As a seeker of truth and knowledge, I often find myself trying to make meaning out of everything but I never expected to learn about Venezuela’s latest dilemma on Adult Swim.
Half exhausted and half delusional from a long day of work, I did a double-take when one of the witty advertisements Adult Swim is known for broadcasting mentioned the cost of condoms in Venezuela.
In Venezuela, a 36-pack of Trojan condoms now costs $755 at the official exchange rate. When compared to the price for a box of condoms here in the U.S., which is about $21, it seems that no one in Venezuela can afford to have safe sex. The huge markup is due to the collapse in oil prices, reported Bloomberg. Venezuela now “relies on oil exports for 95 percent of its foreign currency earnings and has seen a 60 percent fall in in those exports over the past seven months,” Helen Regan of Time Magazine reported. But the ludicrous price of condoms is not the only upsetting concern in Venezuela. The country also has a condom shortage.
In an effort to save money, the government has been actively slashing the importation of consumer goods such as medicine, meat, sugar, and contraceptives– even though Venezuela has one of South America’s highest rates of HIV infection and teenage pregnancy, reported Bloomberg.
“Without condoms we can’t do anything. This shortage threatens all the prevention programs we have been working on across the country,” said Johnatan Rodriguez, general director at the non-profit health group StopVIH. And to make matters worst, abortion is illegal in Venezuela.
Carlos Cabrera, vice president of the local branch of International Planned Parenthood Federation, stated that the disappearance of contraceptives will raise the number of female deaths by driving more pregnant women to clandestine clinics. A lack of condoms will also leave a long-lasting economic impact by taking girls and young women away from schools and the work force.
My findings and research suggests that the condom shortage in Venezuela has been brought to U.S. attention since February 2015, and has even been advertised on major commercial channels like Cartoon Network’s Adult Swim. So, why hasn’t this “great” nation been able to rally support and give aid to our neighbor in South America?[pullquote align=”center”]Without condoms, we can’t do anything.[/pullquote]
Shouldn’t every human have a right to safe sex and be given options to prevent pregnancy, STDs and STIs? Are we not a country that stresses the importance of rights? When contacted by writers, Kurmanaev and Rosati, to speak on the recent dilemma concerning the lack of contraceptives in Venezuela, the owners behind the ever-popular U.S. condom brand Trojan refused to respond.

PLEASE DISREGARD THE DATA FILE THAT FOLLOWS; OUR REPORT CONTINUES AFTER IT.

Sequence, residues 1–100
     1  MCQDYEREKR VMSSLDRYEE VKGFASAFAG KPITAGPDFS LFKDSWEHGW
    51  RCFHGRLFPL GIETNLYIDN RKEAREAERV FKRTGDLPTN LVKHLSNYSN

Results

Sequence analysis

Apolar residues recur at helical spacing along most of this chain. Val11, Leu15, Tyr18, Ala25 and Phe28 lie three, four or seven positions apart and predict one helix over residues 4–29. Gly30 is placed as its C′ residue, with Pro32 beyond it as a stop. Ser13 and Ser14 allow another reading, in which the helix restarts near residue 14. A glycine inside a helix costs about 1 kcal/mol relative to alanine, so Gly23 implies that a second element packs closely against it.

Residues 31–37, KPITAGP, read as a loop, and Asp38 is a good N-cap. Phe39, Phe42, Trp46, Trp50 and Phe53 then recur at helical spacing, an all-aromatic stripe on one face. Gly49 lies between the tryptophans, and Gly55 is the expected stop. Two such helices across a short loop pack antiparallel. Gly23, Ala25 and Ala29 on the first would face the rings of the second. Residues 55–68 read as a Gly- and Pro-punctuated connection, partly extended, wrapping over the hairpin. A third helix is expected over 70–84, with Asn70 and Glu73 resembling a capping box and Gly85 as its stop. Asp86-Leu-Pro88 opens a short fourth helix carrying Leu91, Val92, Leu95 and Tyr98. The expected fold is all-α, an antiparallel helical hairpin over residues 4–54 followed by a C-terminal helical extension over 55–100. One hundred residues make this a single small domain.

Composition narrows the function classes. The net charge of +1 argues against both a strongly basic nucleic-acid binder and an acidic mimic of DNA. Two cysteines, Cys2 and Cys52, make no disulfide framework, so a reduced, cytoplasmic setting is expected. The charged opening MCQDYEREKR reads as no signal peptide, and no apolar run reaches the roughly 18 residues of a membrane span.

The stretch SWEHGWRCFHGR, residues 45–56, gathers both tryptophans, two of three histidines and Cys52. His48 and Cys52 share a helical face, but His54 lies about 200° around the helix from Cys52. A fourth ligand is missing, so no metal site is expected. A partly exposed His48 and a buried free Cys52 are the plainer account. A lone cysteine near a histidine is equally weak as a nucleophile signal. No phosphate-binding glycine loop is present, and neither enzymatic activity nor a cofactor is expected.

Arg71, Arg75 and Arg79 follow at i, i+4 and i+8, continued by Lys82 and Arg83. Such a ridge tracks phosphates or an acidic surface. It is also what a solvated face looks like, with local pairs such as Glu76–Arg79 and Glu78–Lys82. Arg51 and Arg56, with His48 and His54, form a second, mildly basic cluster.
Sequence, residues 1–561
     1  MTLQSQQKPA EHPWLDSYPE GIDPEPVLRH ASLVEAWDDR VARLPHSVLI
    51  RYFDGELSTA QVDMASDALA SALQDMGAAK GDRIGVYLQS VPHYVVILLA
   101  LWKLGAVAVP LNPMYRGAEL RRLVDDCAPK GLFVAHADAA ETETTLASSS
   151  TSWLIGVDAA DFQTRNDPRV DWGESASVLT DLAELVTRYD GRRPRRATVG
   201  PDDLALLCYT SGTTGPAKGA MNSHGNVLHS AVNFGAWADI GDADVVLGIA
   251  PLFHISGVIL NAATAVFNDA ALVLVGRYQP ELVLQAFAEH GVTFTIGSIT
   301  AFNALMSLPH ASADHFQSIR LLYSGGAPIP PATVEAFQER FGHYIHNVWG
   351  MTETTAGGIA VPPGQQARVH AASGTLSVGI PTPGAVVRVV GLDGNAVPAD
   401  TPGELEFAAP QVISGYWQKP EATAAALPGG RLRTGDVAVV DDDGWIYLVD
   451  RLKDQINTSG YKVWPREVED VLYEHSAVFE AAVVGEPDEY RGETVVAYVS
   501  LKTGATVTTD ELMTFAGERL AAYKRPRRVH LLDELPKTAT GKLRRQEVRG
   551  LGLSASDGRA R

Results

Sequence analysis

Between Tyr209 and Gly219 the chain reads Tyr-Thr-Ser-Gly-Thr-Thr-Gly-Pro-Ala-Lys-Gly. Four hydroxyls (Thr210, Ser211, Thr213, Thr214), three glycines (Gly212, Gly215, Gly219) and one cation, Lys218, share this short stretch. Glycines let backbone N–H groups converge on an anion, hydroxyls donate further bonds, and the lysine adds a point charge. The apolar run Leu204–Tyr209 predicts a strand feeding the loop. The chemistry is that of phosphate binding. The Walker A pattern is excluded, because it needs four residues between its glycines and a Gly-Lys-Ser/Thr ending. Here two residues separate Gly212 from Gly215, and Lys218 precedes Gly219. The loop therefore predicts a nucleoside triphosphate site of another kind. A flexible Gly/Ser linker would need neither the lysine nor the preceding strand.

Once again, American companies turn a blind eye to the misfortunes that are happening overseas. While politics and economics do play a major part in the condom shortage in Venezuela, –and may be the reason a lot of companies in the U.K. and U.S. are refusing to export their resources to the South American nation – the inability to have safe sex should be a moral and global concern that transcends the petty and frequent disputes governments have.
Spokeswoman Priscilla Sotela for Durex, a U.K. based condom company, stated that Durex has stopped importing their condoms to Venezuela “because of the political situation the country is going through.” Yet, Durex gave away 150,000 free condoms to Olympians in the 2012 Olympics, reported Fox Sports and Bloomberg news. I guess, at the end of the day, I am left wondering who is responsible for ensuring that all people have access to preemptive medicines and resources.
Yet I ask this question as an American with the privilege to go to any drug store and purchase a box of condoms to use at my disposal or to visit a women’s health center and simply have my pick at a number of different condom brands for free. However, a few miles away from where I stand a woman may not have these same resources because she’s not an Olympian, or living in America, or can’t afford to spend 4,760 bolivars of her 5,600 paycheck on condoms. And I guess, when it comes down to who is responsible for ensuring that all humans have access to preemptive medicines and resources, the liability falls on all of us living in excess.
Angira Pickens is a fourth-year student majoring in Communications. She can be reached at AP765497@wcupa.